degrees Fahrenheit. The second I stepped into the river, the water penetrated my waterproof wear. I practically
warped into the raft after the first drop of water touched my skin. 45 degrees is unbearable.
After we were all settled in the raft, our instructor paused the excitement and the humor for a minute. He went
over some basic rules and safety instructions. He stated that, under no circumstances, were we to stand up or jump out
of the raft. He then gave instructions on what to do in the event that one of us did fall out of the raft. Soon,
we were back to our fun and games, in addition to some synchronized rowing. I don't think any of us had an idea of what
was in store for us next.
I think first, we went through our first set of rapids. They were not life threatening, but they were
thrilling nonetheless. We then had a quick Q&A session. I remember learning that the water we were in came
from Switzerland. Due to the absence of industry, it was clean enough to drink. It was extremely clear but I was
way too cold to start drinking it, although I did have a sip or two. Sometime during the trip, we passed Arnold Swarzeneggar's
hometown. Also, we passed the mountain that supposedly makes up the Paramount film company's logo.
Next, the instructor told us about a game they usually play there, consisting of behavior that made me feel as if I was
in a 16th century war. He stated that we were going to intimidate our fellow rafters by sneaking up on them, standing
up and screaming war cries. First, however, we would need to learn to effectively stand up. We did question that
this contradicted one of the rules. We would, however, proceed to disregard each and every rule one by one and soon
figure out that it was all a hoax. There were actually no rules whatsoever on that rafting trip.
So, we snuck up on another raft, and all stood up, screaming our lungs out at them. Our instructor then attempted
to push a couple of us in, but everyone managed to secure themselves on the raft. We then tested our balancing skills
by standing on the edges of the raft, passing our oars around.
I think the instructor became displeased that none of us were voluntarily jumping into the water. He then suggested
that we try to "pop a wheelie" with the raft. After assuring myself that that was a metaphor of some sort, the instructor
proved his literalness. He grabbed a rope tied to the front of the raft, then walked to the back, and proceeded to pull
the raft's nose into the air, while leaning back. I remember thinking that as we reached a vertical 45 degree angle,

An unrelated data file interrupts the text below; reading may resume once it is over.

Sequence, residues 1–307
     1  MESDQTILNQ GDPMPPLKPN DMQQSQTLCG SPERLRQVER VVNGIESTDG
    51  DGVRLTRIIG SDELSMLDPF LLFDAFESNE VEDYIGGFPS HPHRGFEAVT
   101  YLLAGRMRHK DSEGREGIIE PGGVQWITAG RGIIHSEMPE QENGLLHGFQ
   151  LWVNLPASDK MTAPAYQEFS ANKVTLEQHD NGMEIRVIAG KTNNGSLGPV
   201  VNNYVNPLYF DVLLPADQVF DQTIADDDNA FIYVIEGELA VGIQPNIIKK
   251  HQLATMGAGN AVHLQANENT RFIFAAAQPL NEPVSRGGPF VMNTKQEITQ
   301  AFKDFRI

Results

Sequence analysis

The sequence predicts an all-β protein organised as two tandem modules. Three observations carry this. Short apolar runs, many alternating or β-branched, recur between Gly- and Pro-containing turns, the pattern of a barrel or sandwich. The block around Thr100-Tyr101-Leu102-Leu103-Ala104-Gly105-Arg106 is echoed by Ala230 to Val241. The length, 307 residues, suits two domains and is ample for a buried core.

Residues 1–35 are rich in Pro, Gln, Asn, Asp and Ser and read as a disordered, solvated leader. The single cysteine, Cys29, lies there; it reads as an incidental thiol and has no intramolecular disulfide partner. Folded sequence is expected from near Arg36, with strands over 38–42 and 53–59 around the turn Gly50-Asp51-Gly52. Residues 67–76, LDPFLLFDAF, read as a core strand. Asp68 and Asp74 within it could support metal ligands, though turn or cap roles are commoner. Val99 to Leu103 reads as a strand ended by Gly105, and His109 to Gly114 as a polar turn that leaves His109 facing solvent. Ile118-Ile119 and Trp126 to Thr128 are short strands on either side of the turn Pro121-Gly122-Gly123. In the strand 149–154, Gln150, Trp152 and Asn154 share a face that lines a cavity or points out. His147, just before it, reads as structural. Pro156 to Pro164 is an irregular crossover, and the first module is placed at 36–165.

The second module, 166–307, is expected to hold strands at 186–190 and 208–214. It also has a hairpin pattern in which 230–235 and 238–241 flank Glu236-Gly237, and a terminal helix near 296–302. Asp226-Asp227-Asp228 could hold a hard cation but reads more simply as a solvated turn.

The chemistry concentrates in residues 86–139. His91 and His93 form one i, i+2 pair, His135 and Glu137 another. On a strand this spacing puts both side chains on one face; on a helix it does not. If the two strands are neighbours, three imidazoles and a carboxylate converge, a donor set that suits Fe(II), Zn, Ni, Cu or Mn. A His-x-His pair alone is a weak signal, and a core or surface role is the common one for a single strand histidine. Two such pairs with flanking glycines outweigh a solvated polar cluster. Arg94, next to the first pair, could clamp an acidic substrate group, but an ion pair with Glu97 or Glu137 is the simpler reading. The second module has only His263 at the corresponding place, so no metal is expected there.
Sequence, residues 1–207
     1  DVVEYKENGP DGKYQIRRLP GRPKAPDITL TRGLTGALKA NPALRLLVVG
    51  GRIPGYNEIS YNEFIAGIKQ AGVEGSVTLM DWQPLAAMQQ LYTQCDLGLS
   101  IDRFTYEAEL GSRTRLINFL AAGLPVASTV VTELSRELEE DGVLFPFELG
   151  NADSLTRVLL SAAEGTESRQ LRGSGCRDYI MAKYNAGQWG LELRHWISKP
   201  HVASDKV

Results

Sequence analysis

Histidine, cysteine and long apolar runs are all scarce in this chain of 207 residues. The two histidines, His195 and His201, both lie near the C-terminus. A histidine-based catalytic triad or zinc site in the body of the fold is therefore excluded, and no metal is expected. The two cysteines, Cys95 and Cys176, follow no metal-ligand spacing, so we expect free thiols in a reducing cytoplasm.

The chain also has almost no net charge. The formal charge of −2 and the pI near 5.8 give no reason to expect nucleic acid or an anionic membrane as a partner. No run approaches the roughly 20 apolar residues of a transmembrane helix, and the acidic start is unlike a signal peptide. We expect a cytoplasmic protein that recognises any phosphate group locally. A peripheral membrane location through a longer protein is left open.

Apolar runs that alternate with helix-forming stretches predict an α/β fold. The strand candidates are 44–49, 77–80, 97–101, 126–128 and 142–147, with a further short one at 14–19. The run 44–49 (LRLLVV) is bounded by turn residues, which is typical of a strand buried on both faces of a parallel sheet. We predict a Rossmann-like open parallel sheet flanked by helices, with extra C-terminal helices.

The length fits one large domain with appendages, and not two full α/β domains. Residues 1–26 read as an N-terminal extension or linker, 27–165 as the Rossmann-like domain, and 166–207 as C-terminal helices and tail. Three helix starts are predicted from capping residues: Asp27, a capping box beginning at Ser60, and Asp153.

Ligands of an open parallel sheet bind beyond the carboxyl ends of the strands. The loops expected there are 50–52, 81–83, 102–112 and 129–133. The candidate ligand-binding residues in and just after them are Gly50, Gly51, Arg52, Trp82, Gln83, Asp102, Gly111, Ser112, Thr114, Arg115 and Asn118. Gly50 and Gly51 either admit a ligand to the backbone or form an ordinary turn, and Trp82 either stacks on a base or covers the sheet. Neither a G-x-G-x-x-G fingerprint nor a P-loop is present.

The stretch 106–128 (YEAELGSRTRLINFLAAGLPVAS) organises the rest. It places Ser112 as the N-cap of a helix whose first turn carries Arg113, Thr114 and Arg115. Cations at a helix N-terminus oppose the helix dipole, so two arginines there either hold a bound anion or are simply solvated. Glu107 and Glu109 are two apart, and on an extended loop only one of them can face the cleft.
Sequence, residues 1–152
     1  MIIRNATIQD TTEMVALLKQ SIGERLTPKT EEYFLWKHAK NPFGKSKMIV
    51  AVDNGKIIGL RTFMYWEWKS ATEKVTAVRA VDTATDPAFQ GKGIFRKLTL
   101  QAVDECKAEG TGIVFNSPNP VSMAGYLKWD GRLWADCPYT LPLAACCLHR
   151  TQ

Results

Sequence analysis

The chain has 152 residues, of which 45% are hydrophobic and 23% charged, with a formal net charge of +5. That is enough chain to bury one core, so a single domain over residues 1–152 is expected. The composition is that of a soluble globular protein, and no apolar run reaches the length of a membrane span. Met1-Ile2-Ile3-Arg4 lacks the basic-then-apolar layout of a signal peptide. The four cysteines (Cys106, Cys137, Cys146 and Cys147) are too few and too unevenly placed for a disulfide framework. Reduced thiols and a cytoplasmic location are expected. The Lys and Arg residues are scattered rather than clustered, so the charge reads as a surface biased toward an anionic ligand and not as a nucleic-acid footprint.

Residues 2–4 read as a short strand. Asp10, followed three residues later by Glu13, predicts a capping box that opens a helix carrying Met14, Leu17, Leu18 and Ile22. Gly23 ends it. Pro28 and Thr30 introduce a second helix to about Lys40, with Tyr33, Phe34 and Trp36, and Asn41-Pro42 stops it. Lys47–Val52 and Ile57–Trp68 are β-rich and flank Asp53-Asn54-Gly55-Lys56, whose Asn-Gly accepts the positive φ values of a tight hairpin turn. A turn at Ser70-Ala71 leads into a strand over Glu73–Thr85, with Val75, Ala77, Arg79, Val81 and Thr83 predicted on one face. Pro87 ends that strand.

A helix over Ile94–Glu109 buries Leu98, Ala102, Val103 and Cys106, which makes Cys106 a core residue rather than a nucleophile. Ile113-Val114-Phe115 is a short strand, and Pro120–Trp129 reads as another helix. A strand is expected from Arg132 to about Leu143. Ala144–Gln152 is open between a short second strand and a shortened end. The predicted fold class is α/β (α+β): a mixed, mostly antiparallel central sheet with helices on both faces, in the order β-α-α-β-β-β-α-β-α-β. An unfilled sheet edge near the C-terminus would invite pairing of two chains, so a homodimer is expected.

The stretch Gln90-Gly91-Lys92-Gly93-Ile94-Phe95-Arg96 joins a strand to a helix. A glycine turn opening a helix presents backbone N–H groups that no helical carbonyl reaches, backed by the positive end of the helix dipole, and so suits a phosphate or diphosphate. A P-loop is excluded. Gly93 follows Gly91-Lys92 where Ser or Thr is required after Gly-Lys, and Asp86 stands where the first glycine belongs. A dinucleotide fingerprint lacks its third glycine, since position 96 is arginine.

our positioning equaled the temperature of the water. Soon, the people towards the back of the raft were struggling
to keep out of the water. I was really happy I was towards the front. In the end though, it didn't really matter.
The raft flipped, sending us all into the frigid alpine water. We all immediately resorted to the "drowning chicken"
motion, as the instructor referred to it. There really is no explaining what 45 degree water feels like while you are
submerged in it. It literally takes your breath away. I've had asthma troubles, and I would compare it to that
feeling, except for the uncertainty. In other words, knowing that we were going to survive was our only relieving thought.
In what must have been a record time, we flipped the raft back over and heaved ourselves back on board.
Our rafting concluded after about two hours, leaving an undoubtedly memorable experience. The scenery alone made
it more than worth the €30 price tag. I shook hands and thanked our amazing instructor. He really made
what was one of the best experiences of the tour.
At the stop point, we had time to shower, change and get some hot chocolate. The showers were more to warm up,
as the water in that river was probably cleaner than the world's average shower. It did the job though and I took one
of the best showers of my life. I then ordered a hot dog at the concession stand with my Hot Dog Jonnie's shirt
on. I swear the coincidence was unintentional. My tour mates commented that I was the epitome of a stereotypical
American, at least with food. In my three weeks abroad, I gathered that the world's consensus of Americans
mostly revolves around hot dogs, hamburgers, obesity and skewed foreign policies.
After we left the rafting end point, we soon arrived at the chateau in Hopfgarten, Austria. It was nothing like
the chateau in France. However, after all of the "dodgy" (there you go, Aussies) campsites, we were loving it.
There, I roomed with Steve and Neil. Before we were even settled in, Matt ran over from his room next door to show us
that he found the lost key from our cabin in Venice. I meant to ask for my €5 back, but I forgot. Matt, when
I make it to Melbourne, you owe me a beer.
I think due to the freshest air ever, I was feeling as energetic as ever, so I walked with James into town. He
was in search of an ATM. Right down the road from the chateau was a huge lumber yard. It added yet another dimension